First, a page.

“It was important to bring together participants from multiple universities to create this institution,” said Bartlett, who is also in Berkeley’s Division of Computing, Data Science, and Society (CDSS) “Berkeley has a strong technical affinity with the work being done at our partner institutions. As well as the vigorous flow of ideas, these collaborations will give the institute a national reach.”

The institute will exploit strong connections with researchers at its industrial partners (Amazon, Google, LinkedIn, Microsoft, and Verizon Media) to ensure engagement with the broad range of application domains that these partners represent.

With its collaborative structure and partnerships, the project is a good fit for the CDSS portfolio. CDSS fosters cross-campus partnerships, bringing together researchers in areas ranging from economics to social welfare, climate studies to public policy, computer science, electrical engineering, and statistics to biomedicine to apply tools like deep learning to solving societal problems. The new project builds on work by the EECS Department, which is jointly housed in CDSS and Berkeley’s College of Engineering, and the Statistics Department, which is in both CDSS and the Division of Mathematical and Physical Sciences.

The award was one of two made under the second phase of NSF’s Transdisciplinary Research in Principles of Data Science (TRIPODS) program. The two new projects build on 12 earlier Phase I projects and are closely tied to NSF’s Harnessing the Data Revolution (HDR) Big Idea.

In all, 20 UC Berkeley faculty will participate in the project representing CDSS, Computer Science, Economics, Electrical Engineering, Mathematics, Statistics and the Simons Institute for the Theory of Computing. Most of these faculty are also affiliated with BAIR, the Berkeley AI Research Lab. The BAIR Lab brings together UC Berkeley researchers across the areas of computer vision, machine learning, natural language processing, planning, and robotics. BAIR includes over 45 faculty and more than 200 graduate students and postdocs.

Read the NSF news release.

About CDSS

The Division of Computing, Data Science, and Society launched in July 2019 to leverage Berkeley’s preeminence in research and excellence across disciplines to propel data science discovery, education, and impact. Core to the Division is an understanding of how the digital revolution affects equality, equity, and opportunity—and the capacity to respond to related challenges.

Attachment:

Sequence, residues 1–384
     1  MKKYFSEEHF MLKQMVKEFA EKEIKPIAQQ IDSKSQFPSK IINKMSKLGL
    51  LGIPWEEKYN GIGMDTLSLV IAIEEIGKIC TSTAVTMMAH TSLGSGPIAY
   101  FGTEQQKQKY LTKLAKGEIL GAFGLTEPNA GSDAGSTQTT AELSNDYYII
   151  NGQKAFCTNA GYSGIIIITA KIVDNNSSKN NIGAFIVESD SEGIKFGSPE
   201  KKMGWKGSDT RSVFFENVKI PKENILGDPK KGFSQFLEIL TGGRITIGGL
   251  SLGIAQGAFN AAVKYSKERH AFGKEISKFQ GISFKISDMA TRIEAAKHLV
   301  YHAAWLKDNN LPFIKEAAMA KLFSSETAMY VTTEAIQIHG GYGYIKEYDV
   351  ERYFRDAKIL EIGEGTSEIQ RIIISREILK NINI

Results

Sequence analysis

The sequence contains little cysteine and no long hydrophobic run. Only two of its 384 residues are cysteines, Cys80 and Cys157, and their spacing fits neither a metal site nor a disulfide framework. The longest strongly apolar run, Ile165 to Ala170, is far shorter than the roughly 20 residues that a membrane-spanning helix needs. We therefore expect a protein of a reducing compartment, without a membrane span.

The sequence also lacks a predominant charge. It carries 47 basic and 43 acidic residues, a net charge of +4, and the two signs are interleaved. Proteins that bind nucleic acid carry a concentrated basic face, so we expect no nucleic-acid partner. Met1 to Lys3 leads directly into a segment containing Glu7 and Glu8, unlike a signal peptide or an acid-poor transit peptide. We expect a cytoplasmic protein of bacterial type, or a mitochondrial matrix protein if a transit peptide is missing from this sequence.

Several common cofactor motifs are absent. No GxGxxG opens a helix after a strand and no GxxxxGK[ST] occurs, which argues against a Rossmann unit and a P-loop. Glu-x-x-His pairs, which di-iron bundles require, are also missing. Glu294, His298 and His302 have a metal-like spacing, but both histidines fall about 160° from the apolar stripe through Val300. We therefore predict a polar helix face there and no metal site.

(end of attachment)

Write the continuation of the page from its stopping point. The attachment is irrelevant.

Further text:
The Division’s dynamic structure connects Data Science Education, the School of Information; the departments of Electrical Engineering and Computer Sciences and Statistics; and includes the Berkeley Institute for Data Science and the Data Science Commons. It’s designed to meet the opportunities and demands of a world increasingly informed and shaped by data, machine learning, and artificial intelligence in virtually every arena, from health to business to politics; from our cities to our climate to the cosmos.

About the Simons Institute for the Theory of Computing

The Simons Institute for the Theory of Computing based at UC Berkeley is the world's leading venue for collaborative research in theoretical computer science. The Institute brings together distinguished researchers in theoretical computer science and related fields, as well as the next generation of outstanding young scholars, to explore the foundations of computer science, and other scientific and social disciplines through a computational lens. Research is facilitated through curated, semester-long programs organized and attended by international cohorts of 60-70 scientists, scholars and practitioners.